Our First Featured Charity

We're delighted to announce that our first Featured Charity is

Bat Conservation Trust.

Their first article appears below and is published in CJS Weekly today, introducing the Trust to all you lovely readers.

The Bat Conservation Trust (BCT) is the only British charity solely devoted to the conservation of bats and it has been doing so since its creation in 1991. BCT works on multiple fronts to ensure a viable future for bats by working collaboratively with local, national and international organisations. Bats make up approximately 24% of all mammal species and yet most people are blissfully unaware of how important they are. In the UK we are lucky enough to have 18 resident species, 17 of which breed here. All UK species consume large numbers of insects every night and a few species will happily munch on spiders too furthermore bats make great indicators of the state of the wider environment. About 70% of bats species globally are insectivores but in tropical regions bats can play important roles as both pollinators and seed dispersal.

One of the greatest threats to bats is the widespread fear and lack of knowledge which is made all the more challenging to address when working with such an elusive group of mammals. All the teams at BCT work to increase awareness of bats whenever they can as do the local bat groups which are at the core of BCT.

One aspect of BCT’s work is the National Bat Monitoring Program (NBMP), which has been gathering data on a number of different bat species since 1997. The NBMP relies on thousands of volunteers up and down the UK who work tirelessly to collect data in order to examine population trends. Over the last few years we have seen some encouraging signs that some populations are stabilising or even beginning to recover from historical declines.

The National Bat Helpline (0345 1300 228) offers advice to members of the public who have discovered bats in their home as well as providing a critical link between members of the public who have found an injured, distressed or orphaned bat with the bat carers network made up of volunteers who tirelessly dedicate their time to helping bats back into the wild. What started with a single temporary summer officer has transformed into a full team of telephone operators as well as an Out of Hours service run by volunteers during the peak summer months. The Helpline also enables BCT to inform both professionals and the public on a range of issues. We encourage anyone with concerns or in need of advice to contact us on the helpline number 0345 1300 228.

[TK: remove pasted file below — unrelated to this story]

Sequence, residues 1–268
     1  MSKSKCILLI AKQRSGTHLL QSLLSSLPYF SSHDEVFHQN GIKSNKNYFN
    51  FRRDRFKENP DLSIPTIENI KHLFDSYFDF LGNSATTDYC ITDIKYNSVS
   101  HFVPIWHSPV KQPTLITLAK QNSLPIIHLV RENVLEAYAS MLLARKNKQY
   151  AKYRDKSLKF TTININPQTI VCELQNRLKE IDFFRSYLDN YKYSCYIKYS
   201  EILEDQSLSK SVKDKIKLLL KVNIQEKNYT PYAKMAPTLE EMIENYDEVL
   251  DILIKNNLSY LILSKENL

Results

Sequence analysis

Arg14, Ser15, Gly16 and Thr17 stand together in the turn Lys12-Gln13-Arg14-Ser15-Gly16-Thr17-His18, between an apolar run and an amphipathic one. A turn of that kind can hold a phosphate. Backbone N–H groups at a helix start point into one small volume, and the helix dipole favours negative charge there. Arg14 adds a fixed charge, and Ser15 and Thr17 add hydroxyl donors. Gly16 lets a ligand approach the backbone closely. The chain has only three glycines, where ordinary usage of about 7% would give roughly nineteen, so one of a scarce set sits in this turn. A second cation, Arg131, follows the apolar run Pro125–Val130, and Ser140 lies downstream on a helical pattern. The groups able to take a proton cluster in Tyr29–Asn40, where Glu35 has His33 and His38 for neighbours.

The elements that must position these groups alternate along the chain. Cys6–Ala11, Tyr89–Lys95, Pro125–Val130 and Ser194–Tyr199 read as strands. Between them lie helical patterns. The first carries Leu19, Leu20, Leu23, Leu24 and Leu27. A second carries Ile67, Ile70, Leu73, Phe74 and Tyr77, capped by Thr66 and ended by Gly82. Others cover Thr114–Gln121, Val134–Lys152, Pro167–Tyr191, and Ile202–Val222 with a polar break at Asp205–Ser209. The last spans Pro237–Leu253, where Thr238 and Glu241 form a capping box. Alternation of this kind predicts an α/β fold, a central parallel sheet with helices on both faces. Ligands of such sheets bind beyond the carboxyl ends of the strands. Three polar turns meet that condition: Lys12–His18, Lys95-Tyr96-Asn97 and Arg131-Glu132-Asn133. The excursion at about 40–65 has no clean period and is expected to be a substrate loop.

Bats are European Protected Species (EPS) due to their decline and vulnerability across Europe; this means they require legal protection that covers individual bats and their roosts. Bat crime is the second most encountered wildlife crime following raptor persecution. Wildlife crime against bats, is often in the form of roost destruction and disturbance, which is not just devastating for the species directly affected at a local level but also for wider conservation efforts. BCT works to provide solutions to improve conservation action for bats and those acting to protect them. We also have an investigations officer who works closely with enforcement officials to make sure bat crime is dealt with appropriately.

We want more people to get involved in bat conservation. To find out how, do visit www.bats.org.uk

As we explained back in August CJS is changing the way we support charities (if you missed that read it on our blog here ).  From now you can donate to Bat Conservation Trust through CJS when you subscribe and we'll have more information and articles from them over the coming months.